Blog: Center for the Science of Animal Care and Welfare

Going the Distance to Monitor Dolphin Welfare

Hello again!

Melinda here. Last time I wrote to you, we were just getting started with our dolphin welfare project at Brookfield Zoo. Over the past few months, we’ve made some exciting headway.

Today’s story revolves around one central question: How far does a dolphin swim in a day?


Here, Allie and her young daughter Maxine are swimming together. Dolphins are commonly seen swimming in pairs or in small groups, often using parallel movements, a behavior called “synchronous swimming.”

Similar to what you may experience at school or work, our dolphins’ activity levels change throughout a day. While you may run and jump during recess and P.E., or go for a jog after work, you are probably sitting and resting (but hopefully not sleeping!) during math and grammar lessons or while at your desk. Likewise, if you visit our Seven Seas dolphin habitat, you will see that our dolphins’ behavior is continuously switching between resting, exploring, playing, and interacting with animal care staff.

What is a footstep to a dolphin?
Animals who move on land, like us humans, do so typically by propelling themselves forward with their feet or paws. Feet are less useful in the water than they are on land … so, many animal species that swim in the ocean evolved to have flukes instead of feet. Flukes are like two feet fused together to create one big, strong water paddle!

Our youngest dolphin, Maxine, shows off her powerful fluke! Note the similarity in her fluke with the flippers you put on your feet when you swim or snorkel in the ocean. Flukes are important for swimming, but also have many other purposes, such as acting as a tool to hit and stun fish while hunting and even as a communication tool used between dolphins by slapping the surface of the water and creating a loud sound.

So, instead of looking at footsteps in dolphins, we count fluke strokes! By keeping track of each individual fluke stroke, we can begin to piece together just how each individual dolphin swims in its environment. 

How do we look at dolphin fluke strokes?
As described in a previous post, we are using DTAGs to measure dolphin activity. Inside these tags is a motion sensor that measures animal acceleration. By watching animal behavior through video-recordings, we can match specific animal behaviors with acceleration patterns. One of our goals is to describe the behavior of an individual dolphin solely by looking at DTAG data.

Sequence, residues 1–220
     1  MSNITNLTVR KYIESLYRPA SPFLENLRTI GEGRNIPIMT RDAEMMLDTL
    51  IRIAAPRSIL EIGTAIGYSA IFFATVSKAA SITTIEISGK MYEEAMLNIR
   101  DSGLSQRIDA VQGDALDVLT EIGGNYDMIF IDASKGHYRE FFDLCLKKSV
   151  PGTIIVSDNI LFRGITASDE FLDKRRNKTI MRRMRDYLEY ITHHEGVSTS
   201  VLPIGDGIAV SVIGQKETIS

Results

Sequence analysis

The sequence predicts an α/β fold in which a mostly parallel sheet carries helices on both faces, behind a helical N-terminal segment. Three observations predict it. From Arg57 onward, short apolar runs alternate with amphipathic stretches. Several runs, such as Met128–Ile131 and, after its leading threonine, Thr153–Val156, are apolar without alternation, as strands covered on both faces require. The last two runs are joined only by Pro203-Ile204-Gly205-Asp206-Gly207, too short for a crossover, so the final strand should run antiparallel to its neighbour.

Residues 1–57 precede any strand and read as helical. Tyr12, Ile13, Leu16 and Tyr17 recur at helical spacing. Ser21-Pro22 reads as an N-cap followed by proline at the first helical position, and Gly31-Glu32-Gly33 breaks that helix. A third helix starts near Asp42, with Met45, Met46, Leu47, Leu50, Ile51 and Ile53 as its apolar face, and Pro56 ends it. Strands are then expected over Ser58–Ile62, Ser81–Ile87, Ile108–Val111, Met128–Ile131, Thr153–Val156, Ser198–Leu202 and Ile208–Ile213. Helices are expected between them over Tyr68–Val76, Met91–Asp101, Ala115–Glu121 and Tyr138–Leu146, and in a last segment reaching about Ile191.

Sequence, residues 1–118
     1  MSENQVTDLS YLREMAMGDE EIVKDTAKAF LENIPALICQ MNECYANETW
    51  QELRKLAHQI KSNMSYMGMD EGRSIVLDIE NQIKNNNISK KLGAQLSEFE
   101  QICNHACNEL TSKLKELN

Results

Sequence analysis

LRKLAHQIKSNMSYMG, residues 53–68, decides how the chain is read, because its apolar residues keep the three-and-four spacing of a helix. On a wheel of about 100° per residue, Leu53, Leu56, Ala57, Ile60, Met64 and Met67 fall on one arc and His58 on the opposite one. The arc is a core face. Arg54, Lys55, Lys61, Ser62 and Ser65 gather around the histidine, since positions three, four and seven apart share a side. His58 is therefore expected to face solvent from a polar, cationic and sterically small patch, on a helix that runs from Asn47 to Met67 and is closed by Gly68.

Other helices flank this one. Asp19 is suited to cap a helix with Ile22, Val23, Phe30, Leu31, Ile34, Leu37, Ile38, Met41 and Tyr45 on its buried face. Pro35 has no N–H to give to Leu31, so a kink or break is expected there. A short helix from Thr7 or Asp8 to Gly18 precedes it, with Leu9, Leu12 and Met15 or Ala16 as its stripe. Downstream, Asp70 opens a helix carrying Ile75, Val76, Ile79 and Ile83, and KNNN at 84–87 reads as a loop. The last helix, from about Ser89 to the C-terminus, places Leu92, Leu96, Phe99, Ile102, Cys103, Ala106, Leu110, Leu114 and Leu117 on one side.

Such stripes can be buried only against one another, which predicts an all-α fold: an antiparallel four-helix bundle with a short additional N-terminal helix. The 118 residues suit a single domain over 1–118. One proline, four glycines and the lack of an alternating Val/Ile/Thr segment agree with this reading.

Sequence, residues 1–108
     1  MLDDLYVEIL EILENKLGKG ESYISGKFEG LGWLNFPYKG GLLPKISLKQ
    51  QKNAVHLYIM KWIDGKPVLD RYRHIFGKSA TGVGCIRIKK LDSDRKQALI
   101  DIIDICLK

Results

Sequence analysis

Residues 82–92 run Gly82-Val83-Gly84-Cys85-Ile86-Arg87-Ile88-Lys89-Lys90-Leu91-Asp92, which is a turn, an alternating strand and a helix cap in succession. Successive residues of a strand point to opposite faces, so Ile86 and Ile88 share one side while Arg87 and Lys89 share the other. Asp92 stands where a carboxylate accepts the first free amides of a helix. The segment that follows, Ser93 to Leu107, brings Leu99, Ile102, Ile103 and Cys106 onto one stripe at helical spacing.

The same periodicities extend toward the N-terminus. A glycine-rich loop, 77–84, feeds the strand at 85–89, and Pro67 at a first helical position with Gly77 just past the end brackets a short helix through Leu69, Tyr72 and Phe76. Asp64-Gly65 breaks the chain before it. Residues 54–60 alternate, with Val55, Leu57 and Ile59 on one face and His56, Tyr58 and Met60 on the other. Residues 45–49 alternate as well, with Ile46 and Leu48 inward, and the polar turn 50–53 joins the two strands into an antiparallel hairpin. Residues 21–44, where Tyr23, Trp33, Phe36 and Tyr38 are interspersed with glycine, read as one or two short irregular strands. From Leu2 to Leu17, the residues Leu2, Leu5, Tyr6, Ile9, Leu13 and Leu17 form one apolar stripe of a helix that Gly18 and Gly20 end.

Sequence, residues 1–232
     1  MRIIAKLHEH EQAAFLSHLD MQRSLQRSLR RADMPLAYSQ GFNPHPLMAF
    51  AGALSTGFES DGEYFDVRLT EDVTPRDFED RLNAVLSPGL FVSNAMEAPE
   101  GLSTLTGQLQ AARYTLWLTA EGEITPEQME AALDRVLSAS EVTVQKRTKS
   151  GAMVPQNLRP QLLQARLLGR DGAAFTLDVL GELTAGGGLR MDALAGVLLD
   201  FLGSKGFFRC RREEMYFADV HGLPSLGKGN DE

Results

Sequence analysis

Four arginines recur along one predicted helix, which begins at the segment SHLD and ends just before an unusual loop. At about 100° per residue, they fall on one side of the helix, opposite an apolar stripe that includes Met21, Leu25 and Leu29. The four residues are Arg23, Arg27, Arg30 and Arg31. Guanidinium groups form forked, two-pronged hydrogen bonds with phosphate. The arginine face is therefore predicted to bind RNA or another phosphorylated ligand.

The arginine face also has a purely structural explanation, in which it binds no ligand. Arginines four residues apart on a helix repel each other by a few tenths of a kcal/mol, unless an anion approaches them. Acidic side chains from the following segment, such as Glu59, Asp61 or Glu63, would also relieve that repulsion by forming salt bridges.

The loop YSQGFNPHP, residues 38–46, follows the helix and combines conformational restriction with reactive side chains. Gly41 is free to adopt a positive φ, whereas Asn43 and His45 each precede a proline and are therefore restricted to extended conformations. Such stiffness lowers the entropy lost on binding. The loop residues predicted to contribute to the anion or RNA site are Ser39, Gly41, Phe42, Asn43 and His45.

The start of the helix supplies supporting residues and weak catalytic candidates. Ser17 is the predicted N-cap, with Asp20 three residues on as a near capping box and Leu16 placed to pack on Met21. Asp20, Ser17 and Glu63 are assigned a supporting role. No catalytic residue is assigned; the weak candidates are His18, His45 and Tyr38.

Here are some examples:
The following picture shows a typical fluke stroke pattern of a dolphin swimming slowly and steadily. Each peak in the pattern represents a single fluke-stroke (where the dolphin moves its tail up and down one time).


Now, compare that to the following fluke stroke pattern of a dolphin who took off swimming super-fast!! I call these patterns “BURST FLUKES” for obvious reasons! I usually see these when our dolphins are playing rambunctiously with each other or are interacting with their favorite enrichment items! 


Going the distance
Well, now I’ve shown you how to identify fluke patterns when a dolphin is swimming through the water, but how do we measure how much a dolphin travels in a day?

In a partnership with scientists and students from Dr. Kenneth Shorter’s biomechanics lab at the University of Michigan, we have just installed an overhead video recording system at the Seven Seas stadium. Using two very powerful video cameras, we are now able to record detailed movements of individual dolphins across the pool surface. Dr. Shorter’s students, Annika and Joaquin, recently used some of the video data to recreate a movement track of our dolphin Magic at Seven Seas during a training session. Check out this really cool animation of Magic’s track created by Dr. Shorter’s team using the video data!



The moving red “worm” is actually the reconstructed movement path of our two-and-a-half-year-old dolphin, Magic, swimming around the stadium pool during a Dolphins-In-Action show! While Magic can swim pretty darn fast, the speed of this animation was sped up so that you could see his full movement track more quickly.

The next step will be to combine this surface tracking data from the video cameras with the motion sensor data collected by the DTAGs to reconstruct three-dimensional paths of our animals in their Seven Seas habitat!  


And, once we recreate these three-dimensional paths of our dolphins we can finally answer our sought after question: how far does a dolphin at Seven Seas swim in a day?

Stay tuned for more updates on the dolphin welfare project at Chicago Zoological Society. In the meantime, come say hello to all of our eight dolphins and to our highly-skilled animal care staff at Seven Seas who make this project possible!

Melinda Connors
Postdoctoral Fellow

Posted: 9/20/2016 10:43:42 AM by

Center for the Science of Animal Care and Welfare

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